Hansberger Refrigeration Blog: Your AC Repair Resource

The Forced-Air Furnace: Understand How It Heats Your Home

A forced-air furnace or heat pump is a safe and efficient way to heat your Yuma area home. Understanding the basics of how your system works can help you troubleshoot problems with your heating system, as well as allow you to communicate effectively with your HVAC professional in the event service or an upgrade is needed.

A forced-air furnace has four main components (and most of them are the same for a heat pump):

Thermostat: The thermostat tells the heating equipment when to turn on and when to turn off. When the temperature of the air in your home dips below the thermostat setting, the equipment kicks on to warm the air. When the air has reached the temperature of the thermostat setting, the equipment turns off.

Air handler: When the furnace turns on, the air handler brings in cold air to the furnace through a series of return registers throughout the house. The air handler is located in the blower compartment between the cold-air return and the furnace itself. In a heat pump, the air handler is in the same indoor component as the evaporator coil, which releases heat from refrigerant brought in from outside.

Heat exchanger: The cold air is sent through the furnace’s heat exchanger, which heats the air utilizing a gas-fueled burner or an electric heating element.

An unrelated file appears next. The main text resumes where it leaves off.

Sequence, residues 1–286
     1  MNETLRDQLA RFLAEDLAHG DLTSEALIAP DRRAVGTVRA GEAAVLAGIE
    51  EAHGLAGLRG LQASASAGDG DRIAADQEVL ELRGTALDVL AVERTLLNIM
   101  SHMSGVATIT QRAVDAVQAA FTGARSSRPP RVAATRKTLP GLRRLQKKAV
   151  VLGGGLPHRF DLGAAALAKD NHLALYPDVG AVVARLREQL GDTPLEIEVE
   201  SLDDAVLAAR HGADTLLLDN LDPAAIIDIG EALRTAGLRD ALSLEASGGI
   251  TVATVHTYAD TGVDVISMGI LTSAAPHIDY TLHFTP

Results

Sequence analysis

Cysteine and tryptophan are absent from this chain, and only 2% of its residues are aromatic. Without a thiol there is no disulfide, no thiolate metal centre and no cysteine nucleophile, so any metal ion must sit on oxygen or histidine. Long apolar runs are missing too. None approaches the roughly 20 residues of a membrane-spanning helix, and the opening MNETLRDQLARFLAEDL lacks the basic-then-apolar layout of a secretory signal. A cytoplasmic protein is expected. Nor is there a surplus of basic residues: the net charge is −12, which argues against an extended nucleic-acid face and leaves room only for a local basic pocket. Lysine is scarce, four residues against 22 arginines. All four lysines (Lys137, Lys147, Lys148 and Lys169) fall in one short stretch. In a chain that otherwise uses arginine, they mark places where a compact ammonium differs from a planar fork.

Ductwork: The furnace or heat pump blower or air handler sends the warm air through the ductwork and into the rooms of your home.

Other components of a forced-air system include:

Air filter: The air filter is located in the blower or air handler compartment. It filters particles such as dust and pollen from the air in your home and prevents them from building up on the fan and heat exchanger in your furnace or the evaporator coil in your heat pump, which can cause expensive damage and make your system less efficient. It’s important to check your air filter each month and replace it when it’s dirty.

Supply registers: The supply registers in each room control the flow and direction of air to the room. Closing off more than 20 percent of registers to save on heating costs can cause your equipment to overheat.

Exhaust vent: In combustion furnaces, the exhaust that results from the combustion process are vented outside.

For more information about how your forced-air furnace or heat pump system works in your home, please contact us at Hansberger Refrigeration & Electric Company, serving the Yuma area with excellent service since 1952.

Our goal is to help educate our customers in Yuma, Arizona about energy and home comfort issues (specific to HVAC systems).  For more information about forced-air furnaces and other HVAC topics, download our free Home Comfort Resource guide.

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